FIG. 13 is a view of the bag handle embodying the present invention being used in a relatively “hands free” mode with a strap around the user's neck being operatively connected to the bag handle.

BRIEF SUMMARY OF INVENTION

A device for supporting a package. The device includes a handle portion with an opening in the handle portion to receive one or more portions of the package. The device includes a bearing portion operatively connected to the handle portion and having an apex adapted to support one or more portions of the package.

A device for supporting a package. The device includes a handle portion having an opening there through and generally aligned along a first axis, the first axis being positioned through a central portion of the handle portion. The device includes a bearing portion having a first leg generally aligned along a second axis being positioned through a central portion of the first leg. The bearing portion has a second leg generally aligned along a third axis being positioned through a central portion of the second leg. The first axis intersects with the second axis and the third axis.

A device for organizing a plurality of packages. The device includes a handle portion with an opening in the handle portion to receive the plurality of packages. The device includes a bearing portion operatively connected to the handle portion and having a first leg and second leg which intersect each other to define an apex adapted to support one or more portions of the package.

DETAILED DESCRIPTION OF THE PREFERRED EMBODIMENTS

This application claims the benefit of U.S. Provisional Application No. 60/649,531, filed Feb. 4, 2005.

Referring to the figures, there is shown a bag handle, indicated generally at 20, according to the present invention. The bag handle 20 includes a handle portion 24 and a bearing portion 28. The handle portion 24 and the bearing portion 28 may be integrally formed, as shown, or may be secured together in any suitable fashion. The title “bag handle” is not a limitation on the use of the invention.

The illustrated handle portion 24 of the bag handle 20 includes an opening 32 therein. The opening 32 may be any suitable size and profile as desired. The opening 32 may be located at any suitable location on the bag handle 20 and is not necessarily restricted to the handle portion 24 in general or the central region of the handle portion 24 in particular.

The handle portion 24 may include an inner surface 36 and an outer surface 40. The illustrated inner surface 32 defines a grip 44. The illustrated grip 44 includes a first indentation 48, a second indentation 52, a third indentation 56, and a fourth indentation 58. Numerical terms, such as for example “first”, and “second,” are not intended as a limitation or to imply a sequence, unless otherwise specified or made apparent by the context of the discussion. The illustrated opening 32 in the bag handle 20 is positioned between the second indentation 52 and the third indentation 56, of the grip 44 of the handle portion 24 of the bag handle 20. The first indentation 48 and the fourth indentation 58 are shown generally at terminal portions of the handle portion 24.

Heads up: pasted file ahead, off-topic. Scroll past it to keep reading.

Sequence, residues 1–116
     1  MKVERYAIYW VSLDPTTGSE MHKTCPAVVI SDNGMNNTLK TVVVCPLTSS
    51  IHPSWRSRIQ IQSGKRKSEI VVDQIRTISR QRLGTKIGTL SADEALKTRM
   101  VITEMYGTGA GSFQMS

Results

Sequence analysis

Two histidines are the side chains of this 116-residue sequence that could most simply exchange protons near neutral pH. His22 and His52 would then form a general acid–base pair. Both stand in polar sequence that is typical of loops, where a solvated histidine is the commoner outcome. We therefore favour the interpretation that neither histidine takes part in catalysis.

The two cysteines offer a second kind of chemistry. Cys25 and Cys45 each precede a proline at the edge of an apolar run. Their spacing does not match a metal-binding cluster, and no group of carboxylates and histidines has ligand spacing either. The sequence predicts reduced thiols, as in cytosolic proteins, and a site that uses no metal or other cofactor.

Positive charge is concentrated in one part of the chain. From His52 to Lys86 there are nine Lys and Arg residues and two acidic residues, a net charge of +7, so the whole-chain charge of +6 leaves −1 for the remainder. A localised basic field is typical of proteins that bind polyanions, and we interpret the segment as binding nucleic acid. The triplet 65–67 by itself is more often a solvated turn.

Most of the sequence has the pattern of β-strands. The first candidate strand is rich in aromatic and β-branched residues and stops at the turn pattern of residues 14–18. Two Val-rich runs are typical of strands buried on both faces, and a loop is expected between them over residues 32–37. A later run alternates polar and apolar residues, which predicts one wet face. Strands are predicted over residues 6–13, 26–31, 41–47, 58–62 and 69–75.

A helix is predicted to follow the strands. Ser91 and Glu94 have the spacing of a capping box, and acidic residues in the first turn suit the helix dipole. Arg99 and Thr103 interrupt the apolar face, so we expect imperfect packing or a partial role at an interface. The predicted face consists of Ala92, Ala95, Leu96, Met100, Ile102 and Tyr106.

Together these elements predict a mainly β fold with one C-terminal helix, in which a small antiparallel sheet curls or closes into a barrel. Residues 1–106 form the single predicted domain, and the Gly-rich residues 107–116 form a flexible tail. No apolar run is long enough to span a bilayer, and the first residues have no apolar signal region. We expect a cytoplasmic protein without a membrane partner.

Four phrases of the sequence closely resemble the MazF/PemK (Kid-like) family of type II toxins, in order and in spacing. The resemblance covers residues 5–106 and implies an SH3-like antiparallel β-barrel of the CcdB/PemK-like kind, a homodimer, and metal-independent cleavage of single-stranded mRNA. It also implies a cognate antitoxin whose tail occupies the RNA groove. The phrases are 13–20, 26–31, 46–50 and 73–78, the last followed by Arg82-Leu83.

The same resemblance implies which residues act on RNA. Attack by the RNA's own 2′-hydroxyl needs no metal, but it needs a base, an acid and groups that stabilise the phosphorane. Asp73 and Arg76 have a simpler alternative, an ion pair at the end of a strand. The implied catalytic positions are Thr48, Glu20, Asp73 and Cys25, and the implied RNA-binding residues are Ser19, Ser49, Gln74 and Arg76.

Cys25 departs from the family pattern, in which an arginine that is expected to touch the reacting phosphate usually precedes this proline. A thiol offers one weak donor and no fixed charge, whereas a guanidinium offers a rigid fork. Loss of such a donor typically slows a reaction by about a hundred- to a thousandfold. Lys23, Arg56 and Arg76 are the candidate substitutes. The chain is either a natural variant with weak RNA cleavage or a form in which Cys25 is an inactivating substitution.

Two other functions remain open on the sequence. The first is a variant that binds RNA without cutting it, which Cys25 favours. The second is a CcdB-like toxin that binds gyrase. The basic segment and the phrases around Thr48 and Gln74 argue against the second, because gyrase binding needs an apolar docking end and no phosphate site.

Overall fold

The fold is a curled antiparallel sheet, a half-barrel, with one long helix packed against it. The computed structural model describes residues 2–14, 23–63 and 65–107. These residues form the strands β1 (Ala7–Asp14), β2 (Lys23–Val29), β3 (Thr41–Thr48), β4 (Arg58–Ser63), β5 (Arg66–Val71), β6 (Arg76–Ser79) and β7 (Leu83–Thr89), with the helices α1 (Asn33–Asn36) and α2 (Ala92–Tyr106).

The bearing portion 28 of the bag handle 20 may define any suitable angle(s). The term “bearing” as used in this application may be understood to include, but is not limited to, any structure or functionality which supports the weight of something. The outer surface 40 of the bearing portion 28 forms an outer tip portion 60. The inner surface 36 of the bearing portion 28 forms an inner tip portion 64. The outer tip portion 60 and the inner tip portion 64 define a tip portion 68 of the bearing portion 28 of the bag handle 20. The inner tip portion 64, first indentation 48 and the fourth indentation 58 may define three acute angles, or any other angles or combination or angles, on the inner surface of the bag handle 20.

The angle B1 defined by the first indentation 48 at the intersection of the handle portion 24 and the first leg 70 is shown as an acute angle of about forty five (45) degrees. The angle B3 defined by the fourth indentation 58 at the intersection of the handle portion 24 and the second leg 72 is shown as an acute angle of about forty five (45) degrees. The angle B2 defined by the inner tip portion 64 at the intersection of the first leg 70 and the second leg 72 is shown as an angle of about ninety (90) degrees. It will be appreciated that a wide variety of angles may be employed and varied as desired. The bag handle 20 may be made more compact—and the overall geometrical profile of the bag handle 20 may be altered as desired without departing from the scope of the invention.

The tip portion 68 may define an apex as shown. The term “apex” as used in this application may be understood to include, but is not limited to, any structure or functionality which generally defines or includes a tip, point, peak, or terminus. The “apex” may be provided at any suitable location at any suitable orientation of the bag handle 20. It will be noted that the closer the tip portion 68 is position to the handle portion 24 of a given length, the greater the angle that will be observed at the inner tip portion 64 of the bearing portion 28 of the bag handle 20.